Gov. Gretchen Whitmer's COVID-19 lockdown on museums ends Monday, but don't expect to visit your Detroit favorites until sometime in mid-July.

The Cultural Center institutions -- the Detroit Historical Museum, Detroit Institute of Arts, Michigan Science Center, Charles H. Wright Museum of African American History, College for Creative Studies and the Scarab Club -- are coordinating their reopenings, and working with Midtown Detroit Inc. and NSF International (National Sanitation Foundation) to come up with common safety protocols.

The DIA is also contracting with NSF on its own to develop a plan suited to the museum's particular needs.

The Henry Ford, which was not part of these discussions, is in the process of finalizing its own COVID program and is planning "on an early-July opening," said spokesperson Melissa Foster.

When the Cultural Center entities do reopen, the plan is to do it at roughly the same time to generate maximum attention and fizz.

"We're planning a coordinated P.R. effort around an opening that will take place sometime between early-to-mid July," said Elana Rugh, executive director and CEO of the Detroit Historical Museum.

"We've agreed we want to reopen in the same time frame," she added, speaking just after she clicking out of a Friday-afternoon Zoom meeting with the respective CEOs.

"And it may be that for the first few days," Rugh said, "admission may be limited to (institutions') members." But she underlined that nothing has yet been set in stone.

The coordinated effort, now in its fourth week, has been underwritten by the nonprofit Midtown Detroit Inc., with expert guidance from NSF International. The latter came up with a best-practices document said to exceed 100 pages.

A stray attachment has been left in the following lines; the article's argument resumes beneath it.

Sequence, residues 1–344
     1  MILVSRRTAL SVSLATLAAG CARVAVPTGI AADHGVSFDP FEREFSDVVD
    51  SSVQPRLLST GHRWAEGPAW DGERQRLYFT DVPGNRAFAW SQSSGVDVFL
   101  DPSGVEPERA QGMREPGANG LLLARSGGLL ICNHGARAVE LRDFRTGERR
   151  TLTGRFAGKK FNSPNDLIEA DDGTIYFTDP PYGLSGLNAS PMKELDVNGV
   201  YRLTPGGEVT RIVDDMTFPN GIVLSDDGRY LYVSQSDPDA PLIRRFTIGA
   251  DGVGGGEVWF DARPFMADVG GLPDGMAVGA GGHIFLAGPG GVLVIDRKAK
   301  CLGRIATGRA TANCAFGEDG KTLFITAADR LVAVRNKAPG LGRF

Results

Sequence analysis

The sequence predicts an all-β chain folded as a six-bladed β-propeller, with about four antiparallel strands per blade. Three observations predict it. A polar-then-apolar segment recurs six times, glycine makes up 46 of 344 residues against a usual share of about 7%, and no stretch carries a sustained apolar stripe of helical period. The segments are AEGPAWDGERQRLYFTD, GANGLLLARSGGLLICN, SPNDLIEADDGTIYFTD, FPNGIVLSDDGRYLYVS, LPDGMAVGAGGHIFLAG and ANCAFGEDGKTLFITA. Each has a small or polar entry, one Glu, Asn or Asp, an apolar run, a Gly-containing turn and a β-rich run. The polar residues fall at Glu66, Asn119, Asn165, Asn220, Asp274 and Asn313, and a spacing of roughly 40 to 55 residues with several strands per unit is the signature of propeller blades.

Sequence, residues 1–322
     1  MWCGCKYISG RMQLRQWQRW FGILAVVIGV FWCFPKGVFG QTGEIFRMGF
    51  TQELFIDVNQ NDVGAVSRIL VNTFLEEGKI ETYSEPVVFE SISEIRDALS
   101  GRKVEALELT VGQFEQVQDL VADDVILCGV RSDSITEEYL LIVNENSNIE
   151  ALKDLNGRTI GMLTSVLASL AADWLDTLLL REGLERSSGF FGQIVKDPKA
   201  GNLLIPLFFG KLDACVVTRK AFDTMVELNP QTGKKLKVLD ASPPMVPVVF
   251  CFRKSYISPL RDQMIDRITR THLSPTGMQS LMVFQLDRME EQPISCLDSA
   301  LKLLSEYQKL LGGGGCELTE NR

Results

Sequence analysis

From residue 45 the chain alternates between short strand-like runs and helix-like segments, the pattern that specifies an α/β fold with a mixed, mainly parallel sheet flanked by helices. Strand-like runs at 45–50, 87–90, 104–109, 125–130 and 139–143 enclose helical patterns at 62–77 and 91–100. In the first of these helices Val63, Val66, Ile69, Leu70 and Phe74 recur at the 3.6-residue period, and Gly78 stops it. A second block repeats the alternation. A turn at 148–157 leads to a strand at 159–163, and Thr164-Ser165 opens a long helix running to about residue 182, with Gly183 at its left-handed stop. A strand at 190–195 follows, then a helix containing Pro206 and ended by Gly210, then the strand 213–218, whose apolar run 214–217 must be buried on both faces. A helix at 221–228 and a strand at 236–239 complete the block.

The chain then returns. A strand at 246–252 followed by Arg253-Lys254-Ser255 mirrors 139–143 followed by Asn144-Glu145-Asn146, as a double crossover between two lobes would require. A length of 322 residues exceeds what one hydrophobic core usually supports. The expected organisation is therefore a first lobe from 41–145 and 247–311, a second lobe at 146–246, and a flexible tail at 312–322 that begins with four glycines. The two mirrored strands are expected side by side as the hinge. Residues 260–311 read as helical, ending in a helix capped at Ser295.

"It's a telephone-book-sized reopening program and toolkit," said Midtown Detroit's Annmarie Borucki, who's coordinating the effort.

The document is designed to help institutions assess their risk, their space, identify all high touch points and decide whether to get rid of them or not -- as well as figuring out how to deal with employee training, outside contractors, personnel testing, visitor screening, and any number of other suddenly urgent concerns.

It is, Borucki said, a "plug-and-play system" adaptable to the specific needs of each institution.

One crowd control and social-distancing answer for some museums may well be timed entry -- like what you often get with blockbuster exhibitions at large museums.

At the Historical Museum, Rugh noted, visitors will likely be restricted to a designated path through the galleries.

The Cultural Center participants will submit individual plans Monday, Borucki said, which will likely be finalized at the group's Thursday meeting. 

"The CEOs are pretty well-aligned on the major issues," she said. "The goal is for everyone to reopen in July, though there might be a couple outliers that won’t be able to, depending on the institution."

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